Munich: A Short Visit to Dachau Concentration Camp and Memorial Site
A new year had come and gone again and with a new year brings a fresh start. Like most of us, the holidays swept me away and kept me busy for the last couple months. Now that it’s well into January, it feels good to have my daily routines back, as well as a few additional new years resolutions. One of my resolutions is to write more, which includes being much more consistent with my blog!
In my last post, I wrote about my experiences hiking in the Black Forest in Freudenstadt, Germany with my sister, Colleen. In this post, I will tell you about our twenty-four-hour stay in Munich, which a majority of our time was spent at the Dachau Concentration Camp and Memorial site.
The gates into Dachau Concentration Camp Memorial Site. The gate reads “Arbeit Macht Frei.” In English, this translates into, “work sets you free.”
Munich: A Short Visit to Dachau Concentration Camp and Memorial Site
We woke up early in the morning to catch the first train out of Freudenstadt Hauptbahnhof (Central Station). We were sad to leave the picturesque foothills of the Black Forest, but I was thankful to have had the opportunity to stay there for 3 nights. After two train transfers and four hours traversing across the Bavarian countryside, Colleen and I arrived in Munich’s Central Station. From there, we had a choice to make. Either we could go to the hostel to drop off our bags or we could go directly to Dachau to visit the concentration camp and memorial site—Dachau city is about an hour away from Munich. In the end, we decided to go directly there. So, we strapped on our backpacking backpacks, picked up a croissant from a nearby sweets booth, and got onto the next train to Dachau.
From the Dachau train station, there is a bus that takes you directly to the concentration camp memorial site. We had just missed the bus, so we decided to take a taxi since the memorial site closes at 5:00 pm and it was already past 2:00 pm. As I sat in the taxi, I remember looking out the window and watching as homes and business fronts passed by. I thought back on my time in Amsterdam and Berlin and thought of the name plates, or in German, “Stolperstein,” meaning stumbling stones, that I came across while walking along the city sidewalks. These metallic bricks were placed in front of homes, which had the names and life outcomes of the Jewish families that resided in those homes. I remember reading one in the Jewish Quarter of Amsterdam and it had said the gentlemen had been sent to Dachau Concentration Camp. While watching the buildings pass by, it made me wonder if there were any stumbling stones on the sidewalks of Dachau.
The building entrance to Dachau Concentration Camp.
When we arrived, we were dropped off on the outer limits of the original camp site. Surrounding the camp were buildings that were once used for offices and housing for the nazi soldiers that worked and supervised at the camp. Now, these buildings are warehouses or being utilized by the museum and memorial staff. We stopped in the main building to get a map, as well as information about the memorial site. We were expecting to have to pay for tickets, but we learned that the memorial site is free to visit. They do take donations, though.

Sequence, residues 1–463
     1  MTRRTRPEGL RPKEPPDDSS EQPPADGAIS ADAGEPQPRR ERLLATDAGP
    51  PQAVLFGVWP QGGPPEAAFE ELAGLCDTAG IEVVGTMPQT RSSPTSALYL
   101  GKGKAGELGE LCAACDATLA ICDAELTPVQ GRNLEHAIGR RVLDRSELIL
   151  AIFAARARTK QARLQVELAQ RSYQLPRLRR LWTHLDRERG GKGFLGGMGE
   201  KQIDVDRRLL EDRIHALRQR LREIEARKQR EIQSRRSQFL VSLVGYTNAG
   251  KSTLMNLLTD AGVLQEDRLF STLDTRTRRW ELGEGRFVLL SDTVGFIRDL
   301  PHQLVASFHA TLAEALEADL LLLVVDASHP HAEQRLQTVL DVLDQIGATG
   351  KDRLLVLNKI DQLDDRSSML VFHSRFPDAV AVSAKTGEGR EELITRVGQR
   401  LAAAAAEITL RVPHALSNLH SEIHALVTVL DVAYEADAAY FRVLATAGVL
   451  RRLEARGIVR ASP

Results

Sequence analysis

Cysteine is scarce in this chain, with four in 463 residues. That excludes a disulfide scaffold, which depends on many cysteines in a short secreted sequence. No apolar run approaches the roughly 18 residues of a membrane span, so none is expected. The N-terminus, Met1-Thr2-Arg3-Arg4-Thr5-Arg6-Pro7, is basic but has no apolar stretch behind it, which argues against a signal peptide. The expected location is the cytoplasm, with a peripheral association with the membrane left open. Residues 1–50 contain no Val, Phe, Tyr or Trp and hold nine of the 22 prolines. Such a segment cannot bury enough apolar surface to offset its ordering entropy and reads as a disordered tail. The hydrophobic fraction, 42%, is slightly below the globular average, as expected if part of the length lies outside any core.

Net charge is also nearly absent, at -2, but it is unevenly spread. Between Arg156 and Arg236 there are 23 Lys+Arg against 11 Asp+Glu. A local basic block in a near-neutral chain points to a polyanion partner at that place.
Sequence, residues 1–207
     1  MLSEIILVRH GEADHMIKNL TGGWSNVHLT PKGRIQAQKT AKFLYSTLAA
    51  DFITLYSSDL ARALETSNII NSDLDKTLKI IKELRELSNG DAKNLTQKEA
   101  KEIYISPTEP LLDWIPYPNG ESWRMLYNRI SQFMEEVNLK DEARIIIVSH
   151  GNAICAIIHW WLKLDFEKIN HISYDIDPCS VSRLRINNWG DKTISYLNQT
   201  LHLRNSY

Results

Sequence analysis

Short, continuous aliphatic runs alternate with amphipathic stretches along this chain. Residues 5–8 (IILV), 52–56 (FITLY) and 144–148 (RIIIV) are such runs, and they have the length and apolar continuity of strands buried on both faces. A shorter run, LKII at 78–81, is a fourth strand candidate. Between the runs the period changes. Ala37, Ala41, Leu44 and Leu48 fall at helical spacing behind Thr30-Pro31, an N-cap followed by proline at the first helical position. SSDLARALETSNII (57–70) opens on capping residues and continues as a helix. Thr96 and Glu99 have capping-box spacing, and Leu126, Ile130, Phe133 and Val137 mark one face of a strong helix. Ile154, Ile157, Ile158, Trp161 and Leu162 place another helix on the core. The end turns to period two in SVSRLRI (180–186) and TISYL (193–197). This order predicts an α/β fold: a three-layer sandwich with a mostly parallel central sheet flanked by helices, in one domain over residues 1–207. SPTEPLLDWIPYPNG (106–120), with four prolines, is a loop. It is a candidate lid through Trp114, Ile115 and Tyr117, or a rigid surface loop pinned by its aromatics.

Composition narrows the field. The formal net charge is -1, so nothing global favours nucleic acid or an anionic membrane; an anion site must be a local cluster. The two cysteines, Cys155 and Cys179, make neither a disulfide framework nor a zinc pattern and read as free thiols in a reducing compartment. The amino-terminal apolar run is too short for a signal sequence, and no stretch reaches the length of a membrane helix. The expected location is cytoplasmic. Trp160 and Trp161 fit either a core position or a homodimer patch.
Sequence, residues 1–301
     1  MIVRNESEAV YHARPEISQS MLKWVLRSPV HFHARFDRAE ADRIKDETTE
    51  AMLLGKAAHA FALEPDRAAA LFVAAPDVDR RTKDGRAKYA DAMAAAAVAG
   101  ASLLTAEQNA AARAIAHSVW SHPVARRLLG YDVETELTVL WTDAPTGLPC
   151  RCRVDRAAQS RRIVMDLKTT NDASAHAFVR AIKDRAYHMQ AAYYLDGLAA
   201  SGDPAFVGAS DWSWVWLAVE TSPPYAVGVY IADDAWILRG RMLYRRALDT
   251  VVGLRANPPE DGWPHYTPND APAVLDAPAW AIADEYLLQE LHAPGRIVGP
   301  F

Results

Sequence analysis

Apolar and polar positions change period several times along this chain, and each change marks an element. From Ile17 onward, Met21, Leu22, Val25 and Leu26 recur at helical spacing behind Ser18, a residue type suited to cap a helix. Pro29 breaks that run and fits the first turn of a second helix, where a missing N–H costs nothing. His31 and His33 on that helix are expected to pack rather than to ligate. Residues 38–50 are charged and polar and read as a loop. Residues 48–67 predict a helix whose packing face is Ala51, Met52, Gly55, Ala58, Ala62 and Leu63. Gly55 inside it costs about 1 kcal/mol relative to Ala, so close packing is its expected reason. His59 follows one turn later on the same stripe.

We stepped out of the building and followed a pebbled road towards the entrance to the concentration camp. Colleen and I stopped at the informational signs along the way, trying our best to soak in as much information as we could. With each step closer to the entrance, I noticed I was feeling more and more anxious about entering the campgrounds. The realization of how much horror happened on these grounds hadn’t really set in yet. I knew by reading more informational signs and spending more time in the camp that I would most likely feel a deep and overwhelming mixture of sadness and irrational guilt. A part of me didn’t want to experience that, but there was the part of me that knew it’s important to see the ugly side of history. So, with that, Colleen and I walked in.
An informational sign near the camp entrance
The Dachau Concentration Campgrounds is big and Colleen and I realized very quickly that 3 hours would not be enough time to really get an in-depth tour. So, we decided to visit as many buildings as possible, but that we would make intentional time in the museum building (permanent exhibition rooms) and in the Crematorium Area. We started in the permanent exhibition rooms. The exhibits were very well done. They gave information about pre-war Germany, as well as a broad summary of World War Two. Once we reached the public shower rooms and cafeteria, the exhibitions explained what daily life was like for the people who were imprisoned there. Being in the physical rooms of where the prisoners showered and ate was a powerful experience.
If I were to write about everything I learned while at the Dachau exhibit, this blog post would be thousands of words long. So, I’ll stick with the information that impacted me the most, but I would encourage you (if you haven’t yet) to read up on the history of the incarceration of disenfranchised people—Jews, gay men, political prisoners, gypsies, Roma, etc—during WW2.
The cafeteria building
The exhibition rooms, specifically the prisoner’s public spaces had horrifying and grotesque displays for its visitors. It was hard for me to see the pictures of unnaturally slim people showering in the public area and to read the information regarding the daily physical abuse the prisoners suffered from the nazi guards. The hardest for me, though, was the obvious murders that happened, specifically regarding the mock suicides. There were news clippings from the local nazi war-time newspaper with multiple images of dead prisoners in positions that are physically impossible to do by oneself. The clippings would say the camp was a good place to live, but the people would decide to end their lives anyway. It was unsettling to know that not only were people murdered by gunshot, starvation, and sickness, but they were also forced into mock suicides.